Art Gallery Retrospective


Art Gallery Retrospective

This is a retrospective technique I learned from Esther Derby and Jerry Weinberg. I’ve extended it a bit differently into the analysis and deciding what to do portions as they were using the technique as a debrief mechanism for an activity in the PSL course. This technique is particularly useful for multi-team/large groups. It will take about 120 minutes to run in full. One may notice it has similarities to the Sprint Mural written up by Geoff Watts.

Gathering Data

After opening the retro, have everyone stand and get close to those with whom they work most closely. This creates clusters that may cross teams or groups or you may find some people working in isolation (a cluster of one). As the facilitator, have these clusters get a flip chart and markers.

In these clusters, the group represents how they see the work processes of the group from their perspective. They may draw a picture that metaphorically represents what they see, a diagram that describes the process, or if they are more comfortable, simply let them use words.

At the end of this portion, let people wander the art gallery (so they can see what was created as for large groups the diagram may become far away and details will have been missed). Then each cluster debriefs what their ‘art’ represents. (This is where the portion at PSL stopped and then moved into a learnings debrief.)

Gain Insights

Now each group returns to their art and annotates a few problems they see as well as a few items that worked well. They can make these additions to the drawing/diagram or written words that tie to portions of this. If the latter, it may be helpful to have them as sticky notes of a particular color, particularly if the first piece of art was all words. Again, debrief these items collectively.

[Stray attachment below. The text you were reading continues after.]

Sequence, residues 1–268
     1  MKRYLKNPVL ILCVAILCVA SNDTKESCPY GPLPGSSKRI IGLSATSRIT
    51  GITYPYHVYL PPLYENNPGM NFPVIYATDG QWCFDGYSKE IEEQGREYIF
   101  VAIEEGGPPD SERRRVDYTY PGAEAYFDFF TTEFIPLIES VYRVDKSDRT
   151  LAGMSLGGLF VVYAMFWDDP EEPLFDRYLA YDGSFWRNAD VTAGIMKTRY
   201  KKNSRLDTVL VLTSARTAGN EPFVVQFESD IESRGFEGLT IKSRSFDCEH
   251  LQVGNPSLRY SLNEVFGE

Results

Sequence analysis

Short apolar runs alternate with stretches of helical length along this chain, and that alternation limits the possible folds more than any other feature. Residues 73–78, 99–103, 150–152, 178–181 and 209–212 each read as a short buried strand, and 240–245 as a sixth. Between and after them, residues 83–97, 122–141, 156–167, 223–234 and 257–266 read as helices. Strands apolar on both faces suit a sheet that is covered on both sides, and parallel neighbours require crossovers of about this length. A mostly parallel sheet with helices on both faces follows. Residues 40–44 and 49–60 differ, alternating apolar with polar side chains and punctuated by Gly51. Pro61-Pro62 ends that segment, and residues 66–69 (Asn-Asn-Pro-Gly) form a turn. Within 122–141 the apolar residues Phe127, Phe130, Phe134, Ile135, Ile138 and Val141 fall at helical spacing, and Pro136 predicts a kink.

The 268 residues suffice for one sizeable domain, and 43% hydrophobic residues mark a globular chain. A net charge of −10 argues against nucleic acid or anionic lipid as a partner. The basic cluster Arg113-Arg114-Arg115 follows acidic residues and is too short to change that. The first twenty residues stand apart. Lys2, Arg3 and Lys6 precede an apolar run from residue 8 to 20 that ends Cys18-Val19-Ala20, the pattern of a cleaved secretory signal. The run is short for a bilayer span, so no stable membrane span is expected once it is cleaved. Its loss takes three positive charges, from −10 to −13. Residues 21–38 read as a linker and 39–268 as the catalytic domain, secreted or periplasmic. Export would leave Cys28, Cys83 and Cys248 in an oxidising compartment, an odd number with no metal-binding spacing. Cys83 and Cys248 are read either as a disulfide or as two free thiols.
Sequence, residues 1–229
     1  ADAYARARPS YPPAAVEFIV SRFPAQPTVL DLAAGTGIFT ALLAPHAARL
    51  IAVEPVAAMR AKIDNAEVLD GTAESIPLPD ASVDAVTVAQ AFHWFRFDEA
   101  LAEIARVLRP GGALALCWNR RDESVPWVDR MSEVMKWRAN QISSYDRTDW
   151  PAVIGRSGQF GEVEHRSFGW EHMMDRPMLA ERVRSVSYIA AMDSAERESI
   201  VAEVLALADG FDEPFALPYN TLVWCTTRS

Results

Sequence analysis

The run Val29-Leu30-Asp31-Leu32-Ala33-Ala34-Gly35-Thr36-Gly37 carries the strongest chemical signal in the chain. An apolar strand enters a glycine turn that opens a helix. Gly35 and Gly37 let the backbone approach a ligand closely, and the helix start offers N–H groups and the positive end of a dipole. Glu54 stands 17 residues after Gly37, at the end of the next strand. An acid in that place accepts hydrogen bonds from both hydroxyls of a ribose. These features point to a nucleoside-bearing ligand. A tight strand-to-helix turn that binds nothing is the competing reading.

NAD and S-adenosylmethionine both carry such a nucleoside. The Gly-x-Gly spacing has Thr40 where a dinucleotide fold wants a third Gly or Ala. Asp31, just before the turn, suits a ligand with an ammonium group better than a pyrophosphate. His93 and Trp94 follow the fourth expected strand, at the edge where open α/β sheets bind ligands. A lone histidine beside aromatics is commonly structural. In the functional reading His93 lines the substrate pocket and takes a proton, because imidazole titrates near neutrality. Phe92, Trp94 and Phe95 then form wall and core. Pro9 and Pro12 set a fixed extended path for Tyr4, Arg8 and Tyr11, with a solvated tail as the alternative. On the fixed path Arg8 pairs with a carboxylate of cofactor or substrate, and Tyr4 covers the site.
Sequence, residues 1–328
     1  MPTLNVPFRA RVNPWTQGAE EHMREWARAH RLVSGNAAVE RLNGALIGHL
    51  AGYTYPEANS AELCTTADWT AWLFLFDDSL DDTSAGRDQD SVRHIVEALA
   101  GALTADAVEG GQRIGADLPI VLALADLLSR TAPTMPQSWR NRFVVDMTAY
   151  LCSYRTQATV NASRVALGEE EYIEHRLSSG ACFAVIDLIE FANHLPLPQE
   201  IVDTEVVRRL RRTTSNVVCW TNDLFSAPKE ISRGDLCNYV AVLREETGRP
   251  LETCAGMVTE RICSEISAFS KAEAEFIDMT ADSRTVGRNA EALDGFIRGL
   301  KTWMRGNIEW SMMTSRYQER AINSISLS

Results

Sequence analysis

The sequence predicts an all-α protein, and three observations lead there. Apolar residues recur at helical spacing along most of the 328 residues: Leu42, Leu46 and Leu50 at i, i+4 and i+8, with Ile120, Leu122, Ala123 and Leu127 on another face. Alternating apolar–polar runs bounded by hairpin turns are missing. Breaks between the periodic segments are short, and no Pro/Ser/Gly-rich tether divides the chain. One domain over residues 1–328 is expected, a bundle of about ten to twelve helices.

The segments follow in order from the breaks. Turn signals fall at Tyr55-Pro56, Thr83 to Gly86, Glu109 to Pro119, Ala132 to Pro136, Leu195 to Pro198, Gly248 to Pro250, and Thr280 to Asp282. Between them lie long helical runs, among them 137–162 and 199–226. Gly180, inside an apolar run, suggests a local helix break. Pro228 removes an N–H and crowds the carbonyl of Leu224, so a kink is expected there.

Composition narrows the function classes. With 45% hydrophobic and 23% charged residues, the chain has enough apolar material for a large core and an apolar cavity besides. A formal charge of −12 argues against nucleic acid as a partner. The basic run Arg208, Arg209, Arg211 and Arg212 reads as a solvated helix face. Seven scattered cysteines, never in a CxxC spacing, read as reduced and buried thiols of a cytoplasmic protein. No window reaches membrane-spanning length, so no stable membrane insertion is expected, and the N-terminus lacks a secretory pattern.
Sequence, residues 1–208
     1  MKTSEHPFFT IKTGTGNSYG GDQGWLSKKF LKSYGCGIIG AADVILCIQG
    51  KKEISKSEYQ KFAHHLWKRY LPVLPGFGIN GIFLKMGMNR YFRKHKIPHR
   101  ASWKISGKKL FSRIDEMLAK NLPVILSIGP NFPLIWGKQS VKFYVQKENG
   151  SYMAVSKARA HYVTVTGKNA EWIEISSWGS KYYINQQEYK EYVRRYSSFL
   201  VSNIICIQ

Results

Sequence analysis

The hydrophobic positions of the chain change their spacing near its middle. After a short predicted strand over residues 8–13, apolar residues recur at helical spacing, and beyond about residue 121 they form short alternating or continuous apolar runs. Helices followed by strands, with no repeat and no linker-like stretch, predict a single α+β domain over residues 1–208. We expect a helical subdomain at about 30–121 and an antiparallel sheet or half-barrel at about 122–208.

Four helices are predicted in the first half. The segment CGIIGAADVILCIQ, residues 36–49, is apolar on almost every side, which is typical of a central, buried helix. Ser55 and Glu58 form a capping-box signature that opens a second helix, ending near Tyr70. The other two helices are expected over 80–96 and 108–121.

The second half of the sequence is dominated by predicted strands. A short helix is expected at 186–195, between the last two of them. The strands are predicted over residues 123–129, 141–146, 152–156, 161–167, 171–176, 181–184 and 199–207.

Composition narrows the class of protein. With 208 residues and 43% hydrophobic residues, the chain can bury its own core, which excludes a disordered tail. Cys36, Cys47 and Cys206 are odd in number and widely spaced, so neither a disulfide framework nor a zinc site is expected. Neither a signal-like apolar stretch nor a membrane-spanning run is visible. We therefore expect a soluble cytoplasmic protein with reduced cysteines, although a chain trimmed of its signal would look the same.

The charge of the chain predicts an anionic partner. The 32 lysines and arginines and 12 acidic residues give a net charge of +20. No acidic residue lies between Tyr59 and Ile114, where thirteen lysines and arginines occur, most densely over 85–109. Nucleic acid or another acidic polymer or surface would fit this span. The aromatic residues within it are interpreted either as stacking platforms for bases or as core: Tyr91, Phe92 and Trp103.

Decide What to Do

At this point, allow each cluster to go around to each piece of art and offer up ONE idea they think will help this other cluster. These get written on a different color sticky than any used for identifying the problems. (In a retro I held, I had a problem with the collective team working together, so it had to help that the offering cluster would do for the other.) Think of this moving around to each piece of art as sort of a world café visit with the art serving as the topics.

Then each cluster returns to their own piece of art and decides which of the offered ideas they will use or if the offers inspire something else they want to try. The clusters report on what each one will collectively do. At this point, I generally have them make them SMART: Specific, Measurable, Attainable, Relevant, and Timely (when they expect to report it being done).

About Tasty Cupcakes

This content was originally published on Tasty Cupcakes, a community-run website founded by Michael McCullough and Don McGreal after they presented a series of games at Agile2008 in Toronto. The site’s tagline was “fuel for invention and learning.” After 15 years at, the content has found a new permanent home here at Agile Alliance.

The games, techniques, and approaches presented are here to use and explore. All we ask is that you tell others about us and give us some feedback on the games themselves. All of this work is licensed under a Creative Commons Attribution 4.0 International License.

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